The CIA Has Teamed up With Amazon To Monitor You From Space
Developers are welcome to build algorithms that read satellite imagery
The company that controls most of the Earth-facing image-capturing satellites has a bold new plan to use artificial intelligence to track changes around the world — from traffic to construction to new park benches— and they’re collaborating with the CIA to pull it off.
On Thursday, satellite imagery company DigitalGlobe announced they have joined forces with Amazon, chipmaker Nvidia, and the CIA’s venture arm CosmiQ Works to create SpaceNet, a new initiative with a goal of creating artificial intelligence that can read and interpret images of the Earth.
Most of the images of the Earth available on Google Maps came from DigitalGlobe’s four satellites. But when you look at your backyard on Google, you only get a hint of the high-resolution imagery that the company produces, as they save the good stuff for paying customers or partners. Thanks to one such such partnership, the United States Naval Criminal Investigative Service (NCIS) used DigitalGlobe images to find two ships that had been seized by Somali pirates. Last month, the company partnered with Uber so the transportation company can get a better sense of changing urban landscapes, as road maps sometimes don’t keep up with city development. Earlier this year, Facebook bought DigitalGlobe satellite images then developed algorithms that outline buildings. Facebook then used that data to track population density.
Now, DigitalGlobe wants to encourage other developers to create the sort of artificial intelligence that Facebook has applied to their images. To start off, DigitalGlobe shared a high resolution satellite imagery of Rio de Janeiro through Amazon Web Services. The image includes hand-marked diagrams of 200,000 buildings — data that should help developers and data scientists build machine-learning algorithms that distinguish buildings and other structures. The company plans to eventually release about 60 million annotated satellite images spanning the globe. According to MIT Technology Review, these images will cover half a million square kilometers of the planet and will include more markings than just buildings.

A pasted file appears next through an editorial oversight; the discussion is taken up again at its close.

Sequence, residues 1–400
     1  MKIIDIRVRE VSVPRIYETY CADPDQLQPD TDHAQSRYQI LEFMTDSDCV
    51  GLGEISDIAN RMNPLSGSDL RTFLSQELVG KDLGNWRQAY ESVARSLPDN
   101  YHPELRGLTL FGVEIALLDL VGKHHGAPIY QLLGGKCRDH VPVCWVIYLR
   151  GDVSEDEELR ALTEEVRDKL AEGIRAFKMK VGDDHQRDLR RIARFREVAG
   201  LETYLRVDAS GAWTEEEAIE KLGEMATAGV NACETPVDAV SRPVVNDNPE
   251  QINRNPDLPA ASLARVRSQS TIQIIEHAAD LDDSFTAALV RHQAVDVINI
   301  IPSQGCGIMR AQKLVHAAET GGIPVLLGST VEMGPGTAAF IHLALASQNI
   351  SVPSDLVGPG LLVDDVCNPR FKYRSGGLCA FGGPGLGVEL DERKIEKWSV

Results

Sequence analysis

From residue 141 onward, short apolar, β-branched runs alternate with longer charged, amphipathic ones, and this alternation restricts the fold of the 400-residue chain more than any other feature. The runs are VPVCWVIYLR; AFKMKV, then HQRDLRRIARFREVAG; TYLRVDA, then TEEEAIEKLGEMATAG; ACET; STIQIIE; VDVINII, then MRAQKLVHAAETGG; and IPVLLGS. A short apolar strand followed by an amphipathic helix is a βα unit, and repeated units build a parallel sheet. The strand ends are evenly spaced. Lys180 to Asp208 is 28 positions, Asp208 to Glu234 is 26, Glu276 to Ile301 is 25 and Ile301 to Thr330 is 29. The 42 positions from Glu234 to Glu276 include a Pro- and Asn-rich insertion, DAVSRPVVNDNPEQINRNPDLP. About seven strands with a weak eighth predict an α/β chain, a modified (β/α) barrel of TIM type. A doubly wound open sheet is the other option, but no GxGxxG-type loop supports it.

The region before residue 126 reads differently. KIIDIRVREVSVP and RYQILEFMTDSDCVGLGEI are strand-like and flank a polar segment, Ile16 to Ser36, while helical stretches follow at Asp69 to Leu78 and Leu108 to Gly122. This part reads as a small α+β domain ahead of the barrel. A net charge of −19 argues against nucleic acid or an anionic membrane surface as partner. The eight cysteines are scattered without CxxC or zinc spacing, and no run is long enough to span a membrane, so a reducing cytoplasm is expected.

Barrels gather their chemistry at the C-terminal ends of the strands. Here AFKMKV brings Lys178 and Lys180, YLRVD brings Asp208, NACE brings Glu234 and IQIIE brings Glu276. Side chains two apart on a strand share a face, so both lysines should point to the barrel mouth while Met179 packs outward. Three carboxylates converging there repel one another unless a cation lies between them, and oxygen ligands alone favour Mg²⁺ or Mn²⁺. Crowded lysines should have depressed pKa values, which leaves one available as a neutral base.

While some concerned patriots might be wary of the CIA overseeing any project that fine-tunes methods of monitoring the global population on a major scale, DigitalGlobe has suggested that the AI that comes from this program will be used for good. “[W]e must advance our ability to analyze data to realize its full potential,” said Tony Frazier, DigitalGlobe senior vice president, in a statement. “SpaceNet is key to unlocking a huge explosion of new AI-driven applications that ultimately will help us better respond to natural disasters, counter global security threats, improve population health outcomes, and much more.”
Frazier told Technology Review that he believes AI will eventually be able to track changes like new park benches and road signs, and even determine what material is being used to makes roofs.
Whether you think that’s creepy or constructive, the medium is about to get much clearer. Next month month, DigitalGlobe is launching a new satellite that will capture images with a resolution of 12-inches. That level of global close-up used to be illegal just over two years ago, but the U.S. government relaxed regulations thanks to lobbying efforts from DigitalGlobe.